Cavalli Il Giasone

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COMPOSERS: Francesco Cavalli
ALBUM TITLE: Cavalli Il Giasone
WORKS: Il Giasone
PERFORMER: Christophe Dumaux


First performed in 1649, Il Giasone could only emanate from Venice. Like Monteverdi’s L’incoronazione di Poppea, Francesco Cavalli’s dramma per musica is a lusty farce of bickering deities, toothless nurses, stuttering servants and ignoble nobles. Sex is its subject, variously depicted as a breathless tumble, a mind-mangling addiction or something between a sacrament and a spa treatment, as Jason (Christophe Dumaux) idles blissfully in Colchis with the enchantress Medea (Katarina Bradic´). He has forgotten his quest for the Golden Fleece, his twin sons and his grieving wife, Hypsipyle (Robin Johannsen). Men, huh.

Recorded live from Mariame Clément’s 2010 Vlaamse Opera production, the performance is a mixed bag. It was not, as the liner notes claim, the ‘modern times premiere’ of Il Giasone; Christian Curnyn and the Early Opera Company staged it two years earlier at Iford Manor, Wiltshire, with smaller forces and to superior effect. Listening to this new version, with its footfall of stage-business and audience laughter, is a little like eavesdropping on a next-door neighbour’s party. Though Johannsen sings stylishly, Bradic´’s jolie laide Medea is slow to warm up, while Dumaux’s shapely countertenor is too delicate to suggest a man of action. Among the supporting cast, there are some voices that could curdle cream and others that sound as old as the opera, an anomaly from this usually canny company. Orchestrally it’s a delight, sensually swung on a hammock of lutes and harpsichords by conductor Federico Maria Sardelli, zestful in the Act II combattimento, bone-chilling in the sharp sforzandos of Medea’s incantation. Assiduous collectors may be tempted nonetheless to source a second-hand copy of René Jacobs’s 1988 recording.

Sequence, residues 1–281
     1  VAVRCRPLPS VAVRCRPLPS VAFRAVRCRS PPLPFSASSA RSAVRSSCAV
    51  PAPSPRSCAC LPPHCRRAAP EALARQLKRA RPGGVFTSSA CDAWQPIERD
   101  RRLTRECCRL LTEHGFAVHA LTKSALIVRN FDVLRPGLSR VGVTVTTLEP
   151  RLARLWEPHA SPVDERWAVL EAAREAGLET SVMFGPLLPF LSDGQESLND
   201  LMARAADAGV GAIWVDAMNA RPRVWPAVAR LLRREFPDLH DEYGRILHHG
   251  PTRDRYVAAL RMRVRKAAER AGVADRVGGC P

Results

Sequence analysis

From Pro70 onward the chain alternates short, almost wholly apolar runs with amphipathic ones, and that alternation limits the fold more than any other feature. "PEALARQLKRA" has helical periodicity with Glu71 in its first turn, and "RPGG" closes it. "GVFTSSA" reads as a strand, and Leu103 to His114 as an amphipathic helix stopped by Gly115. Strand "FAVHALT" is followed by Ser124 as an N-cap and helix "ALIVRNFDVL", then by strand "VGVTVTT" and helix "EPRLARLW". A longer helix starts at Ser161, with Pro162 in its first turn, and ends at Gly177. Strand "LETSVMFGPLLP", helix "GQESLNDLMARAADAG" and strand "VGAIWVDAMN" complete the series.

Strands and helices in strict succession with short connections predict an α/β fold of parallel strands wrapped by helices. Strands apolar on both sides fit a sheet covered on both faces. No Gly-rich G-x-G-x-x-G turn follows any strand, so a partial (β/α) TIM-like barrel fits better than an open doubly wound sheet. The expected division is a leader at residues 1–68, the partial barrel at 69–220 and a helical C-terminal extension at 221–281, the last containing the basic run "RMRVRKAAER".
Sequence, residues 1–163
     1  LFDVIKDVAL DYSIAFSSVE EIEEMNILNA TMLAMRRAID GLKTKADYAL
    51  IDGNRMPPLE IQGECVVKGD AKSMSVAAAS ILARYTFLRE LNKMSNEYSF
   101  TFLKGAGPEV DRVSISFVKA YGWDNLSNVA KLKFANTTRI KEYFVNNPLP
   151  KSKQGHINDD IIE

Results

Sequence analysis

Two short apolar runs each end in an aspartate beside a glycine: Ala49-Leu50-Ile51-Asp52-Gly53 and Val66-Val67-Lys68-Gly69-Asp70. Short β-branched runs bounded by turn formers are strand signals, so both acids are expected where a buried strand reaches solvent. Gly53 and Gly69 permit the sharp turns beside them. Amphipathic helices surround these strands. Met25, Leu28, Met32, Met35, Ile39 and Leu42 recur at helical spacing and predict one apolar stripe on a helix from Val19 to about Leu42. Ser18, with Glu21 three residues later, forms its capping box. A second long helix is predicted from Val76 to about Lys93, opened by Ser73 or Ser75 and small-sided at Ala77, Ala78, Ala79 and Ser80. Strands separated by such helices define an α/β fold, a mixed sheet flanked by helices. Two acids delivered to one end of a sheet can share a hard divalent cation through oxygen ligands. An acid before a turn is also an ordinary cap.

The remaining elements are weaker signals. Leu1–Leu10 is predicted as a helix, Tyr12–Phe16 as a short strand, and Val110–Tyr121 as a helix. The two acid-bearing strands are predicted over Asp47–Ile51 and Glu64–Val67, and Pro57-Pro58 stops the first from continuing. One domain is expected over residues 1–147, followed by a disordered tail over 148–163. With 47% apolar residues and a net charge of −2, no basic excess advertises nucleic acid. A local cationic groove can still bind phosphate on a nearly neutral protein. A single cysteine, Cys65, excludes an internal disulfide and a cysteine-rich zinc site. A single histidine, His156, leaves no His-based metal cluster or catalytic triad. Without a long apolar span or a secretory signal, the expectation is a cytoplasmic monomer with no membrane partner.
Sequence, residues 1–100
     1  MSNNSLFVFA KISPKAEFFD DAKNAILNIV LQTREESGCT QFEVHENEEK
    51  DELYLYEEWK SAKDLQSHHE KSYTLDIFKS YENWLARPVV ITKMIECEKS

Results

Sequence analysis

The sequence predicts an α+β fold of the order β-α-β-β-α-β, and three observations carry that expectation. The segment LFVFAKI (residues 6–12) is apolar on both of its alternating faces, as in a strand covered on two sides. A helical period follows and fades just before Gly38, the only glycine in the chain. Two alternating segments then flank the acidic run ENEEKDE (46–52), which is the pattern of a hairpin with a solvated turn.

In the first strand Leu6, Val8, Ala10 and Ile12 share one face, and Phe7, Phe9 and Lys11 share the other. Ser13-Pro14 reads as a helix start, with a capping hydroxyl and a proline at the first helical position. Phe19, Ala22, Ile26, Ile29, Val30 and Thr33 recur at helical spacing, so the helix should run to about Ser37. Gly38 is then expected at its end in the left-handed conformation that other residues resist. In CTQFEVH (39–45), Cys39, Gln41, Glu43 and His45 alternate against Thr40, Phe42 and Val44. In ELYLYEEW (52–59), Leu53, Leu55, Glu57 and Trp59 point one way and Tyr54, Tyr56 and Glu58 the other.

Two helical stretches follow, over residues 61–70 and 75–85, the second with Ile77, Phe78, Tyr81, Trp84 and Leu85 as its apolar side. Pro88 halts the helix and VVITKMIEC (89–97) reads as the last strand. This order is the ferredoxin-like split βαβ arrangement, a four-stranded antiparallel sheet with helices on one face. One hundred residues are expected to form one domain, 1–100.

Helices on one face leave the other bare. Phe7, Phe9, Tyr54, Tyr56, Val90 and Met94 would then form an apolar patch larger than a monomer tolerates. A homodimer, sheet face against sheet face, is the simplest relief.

Anna Picard